When Good Gods Go Bad

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Chick Tracts

The God of Chick Tracts always struck me as something of an asshole.

It’s a common assumption in religious polemics at least, that you can’t really hate someone you don’t believe in. You see this assumption appearing arguments for and against belief in God. Christian apologists often claim that atheists hate God, and that this hatred is proof positive we really know he exists after all. Atheism is little other than rebellion against God, at least according to this view. For our own part, atheists often respond to the accusation that we hate God by pointing out that we actually don’t believe in him. We can’t possible hate God, so the argument runs. We don’t even believe in him. At least we we have that in common I suppose, believers and unbelievers. We agree that it doesn’t make sense to hate a being you don’t really believe in.

Except I don’t agree with that either.

To those who insist on this assumption, I have two questions:

Do you watch Game of Thrones?

How do you feel about Joffrey?

Admittedly, this gambit loses a little force when the answer to the first question is ‘no’. Still, t think those familiar with the HBO series or the books it’s based upon will get the point pretty quickly. This hateful little brat prince is hardly unique in fiction. Felix Unger and Frank Burns used to get pretty deep under my skin. I didn’t believe in them either. I certainly don’t believe in Lucy from Peanuts, but when she pulls the football out from under Charlie it makes just wanna reach right into the screen and throttle the little two dimensional mini-troll. Can’t stand the Police Chief in most detective shows or the principle in countless school settings. The list of fictional villains, nitwits, jerks, and outright assholes goes on and on. None of these characters are real. But yeah, I hate them!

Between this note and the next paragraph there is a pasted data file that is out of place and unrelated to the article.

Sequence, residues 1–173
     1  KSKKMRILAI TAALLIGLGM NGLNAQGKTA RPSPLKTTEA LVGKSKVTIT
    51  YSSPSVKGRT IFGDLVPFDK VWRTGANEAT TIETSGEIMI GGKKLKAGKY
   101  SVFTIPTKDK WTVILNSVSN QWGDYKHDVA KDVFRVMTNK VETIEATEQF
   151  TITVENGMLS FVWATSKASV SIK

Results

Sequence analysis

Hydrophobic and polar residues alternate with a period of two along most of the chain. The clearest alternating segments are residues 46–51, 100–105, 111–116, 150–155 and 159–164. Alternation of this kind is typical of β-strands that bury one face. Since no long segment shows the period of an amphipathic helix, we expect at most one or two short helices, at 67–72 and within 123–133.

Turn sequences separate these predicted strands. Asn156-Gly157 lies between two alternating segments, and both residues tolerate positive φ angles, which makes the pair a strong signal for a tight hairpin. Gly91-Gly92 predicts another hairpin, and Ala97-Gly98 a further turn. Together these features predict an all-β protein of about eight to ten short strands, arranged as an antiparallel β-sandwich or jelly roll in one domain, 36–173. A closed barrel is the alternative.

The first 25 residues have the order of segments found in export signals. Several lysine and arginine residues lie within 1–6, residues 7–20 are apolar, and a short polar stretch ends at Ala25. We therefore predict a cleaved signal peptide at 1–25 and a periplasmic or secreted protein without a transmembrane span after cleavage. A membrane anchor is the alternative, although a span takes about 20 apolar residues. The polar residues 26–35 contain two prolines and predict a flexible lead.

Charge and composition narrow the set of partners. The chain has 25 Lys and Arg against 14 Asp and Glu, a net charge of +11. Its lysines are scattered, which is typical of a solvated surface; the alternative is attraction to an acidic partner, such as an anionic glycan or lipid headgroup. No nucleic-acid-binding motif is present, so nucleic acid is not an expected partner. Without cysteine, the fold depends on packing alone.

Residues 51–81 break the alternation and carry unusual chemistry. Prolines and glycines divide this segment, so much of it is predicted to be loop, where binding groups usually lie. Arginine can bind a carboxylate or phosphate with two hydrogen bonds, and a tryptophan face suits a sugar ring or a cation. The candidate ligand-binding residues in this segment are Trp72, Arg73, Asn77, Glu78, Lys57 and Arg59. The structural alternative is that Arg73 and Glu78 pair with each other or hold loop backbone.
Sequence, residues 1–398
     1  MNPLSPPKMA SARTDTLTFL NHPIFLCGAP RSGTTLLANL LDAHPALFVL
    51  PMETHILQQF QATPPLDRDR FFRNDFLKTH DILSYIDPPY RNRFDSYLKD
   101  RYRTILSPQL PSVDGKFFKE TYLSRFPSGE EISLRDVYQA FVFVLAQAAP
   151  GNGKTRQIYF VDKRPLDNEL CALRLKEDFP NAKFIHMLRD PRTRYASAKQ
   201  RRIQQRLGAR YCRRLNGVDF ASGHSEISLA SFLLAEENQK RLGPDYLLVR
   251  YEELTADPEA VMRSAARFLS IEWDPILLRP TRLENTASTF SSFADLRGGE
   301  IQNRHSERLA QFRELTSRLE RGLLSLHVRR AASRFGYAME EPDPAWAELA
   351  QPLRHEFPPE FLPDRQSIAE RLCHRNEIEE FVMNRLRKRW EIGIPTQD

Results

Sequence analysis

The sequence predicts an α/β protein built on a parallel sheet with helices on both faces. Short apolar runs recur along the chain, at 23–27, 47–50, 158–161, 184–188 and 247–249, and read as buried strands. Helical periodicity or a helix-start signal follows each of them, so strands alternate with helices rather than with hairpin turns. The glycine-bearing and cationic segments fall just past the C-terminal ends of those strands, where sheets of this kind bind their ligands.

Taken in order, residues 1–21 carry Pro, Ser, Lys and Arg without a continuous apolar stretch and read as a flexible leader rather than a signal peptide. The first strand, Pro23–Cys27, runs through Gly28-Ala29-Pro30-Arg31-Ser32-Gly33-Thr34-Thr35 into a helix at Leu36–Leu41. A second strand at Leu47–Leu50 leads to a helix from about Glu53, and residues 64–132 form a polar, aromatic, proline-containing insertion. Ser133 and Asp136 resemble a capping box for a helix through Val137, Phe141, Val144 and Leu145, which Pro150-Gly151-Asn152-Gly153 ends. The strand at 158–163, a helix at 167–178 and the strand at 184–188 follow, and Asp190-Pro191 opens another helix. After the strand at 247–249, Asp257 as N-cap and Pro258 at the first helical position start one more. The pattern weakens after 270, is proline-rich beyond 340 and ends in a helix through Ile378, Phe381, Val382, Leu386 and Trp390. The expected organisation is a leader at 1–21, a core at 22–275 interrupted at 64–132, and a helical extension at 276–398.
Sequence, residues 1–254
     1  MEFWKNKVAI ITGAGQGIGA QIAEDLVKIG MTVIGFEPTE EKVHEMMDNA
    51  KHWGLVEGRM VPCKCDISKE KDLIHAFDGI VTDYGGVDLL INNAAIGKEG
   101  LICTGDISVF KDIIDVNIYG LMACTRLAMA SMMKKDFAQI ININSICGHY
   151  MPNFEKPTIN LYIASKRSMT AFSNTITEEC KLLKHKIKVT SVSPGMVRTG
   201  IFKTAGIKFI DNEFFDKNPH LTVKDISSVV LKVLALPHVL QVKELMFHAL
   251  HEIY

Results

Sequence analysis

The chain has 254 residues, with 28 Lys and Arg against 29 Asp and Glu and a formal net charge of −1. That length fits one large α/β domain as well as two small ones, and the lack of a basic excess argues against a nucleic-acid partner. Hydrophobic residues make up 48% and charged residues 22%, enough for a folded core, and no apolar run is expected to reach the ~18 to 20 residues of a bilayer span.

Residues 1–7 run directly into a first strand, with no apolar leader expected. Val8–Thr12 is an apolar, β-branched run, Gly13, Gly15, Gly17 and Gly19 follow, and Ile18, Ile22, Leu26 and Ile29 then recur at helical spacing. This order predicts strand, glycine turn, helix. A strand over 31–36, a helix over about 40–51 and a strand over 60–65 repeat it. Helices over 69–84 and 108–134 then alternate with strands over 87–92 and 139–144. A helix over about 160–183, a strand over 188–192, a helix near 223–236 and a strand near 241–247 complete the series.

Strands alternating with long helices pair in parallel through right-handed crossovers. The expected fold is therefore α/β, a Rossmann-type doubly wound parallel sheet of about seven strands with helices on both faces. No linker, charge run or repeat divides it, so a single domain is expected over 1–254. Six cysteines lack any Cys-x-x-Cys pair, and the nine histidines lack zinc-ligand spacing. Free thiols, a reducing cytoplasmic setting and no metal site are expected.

(Here, I can practically hear my mother saying; “no, you dislike them intently,” but no, I hate them.)

I really don’t think my feelings about these characters are all that unusual. Joffrey, at least, seems to have inspired quite a few haters out there. Hell, I reckon that’s something else believers and unbelievers can generally agree on. The little bastard was awful. Got off with an easy death!

Anyway, the point is that you can have a strong emotional reaction to a being you know very well isn’t real. People ought to keep that in mind when they opt to battle it out over the existence of God.

I should add that this point can flow in both directions or even (I suppose) at a tangent to the usual stakes. I can love Jesus when he’s preaching tolerance and compassion just as I can be outraged at a God who would tell Abraham to kill his own son. The inconsistently might bother me if I actually believed either story to be true. As it stands  these are just emotional reactions to a being I don’t really think is real, as described by different narrators with different messages at different times in history. Maybe if I expected a degree of literal truth from these stories, I would feel the need to work out my feelings about the big Guy In the Sky, but I don’t. I can accept that stories about this being will trigger different feelings at different times, and no reaction at all in many instances. Consistency might be a desirable property of arguments and theories, but it a square peg to pound in the round hole of emotions.

What makes the difference between a vision of God that inspires me and one that pisses me off may be an interesting question, but the answer to that question is, for me anyway, essentially a function of story-telling.

I suppose a Christian too could acknowledge some role for the story-tellers in his feelings about God in different parts if scripture. There is a certain flat-footed evangelism that runs contrary to such an approach, but not every believer checks their sense at the church door. I’ve known quite a few who could handle such questions with subtlety and care.

I realize this may not be the most serious theme in debates over the existence of God, but it certainly does seem ubiquitous. I think to some degree this is a reflection of the debate-camp subculture that has developed around people interested in haggling out the issue. I’ve certainly engaged in my share of such matters, but one does not live by polemics alone, and not everything that people think or feel about the topic in question comes prefigured for purposes of argumentation. We can argue the rational merits of any given position, but nobody should really be surprised to find that participants in these arguments also have an emotional reaction to the topic.

We’re allowed to be human.

So are they.

***

I know I’ve made this argument before. I just wanted to take another crack at it.

Black k Klansman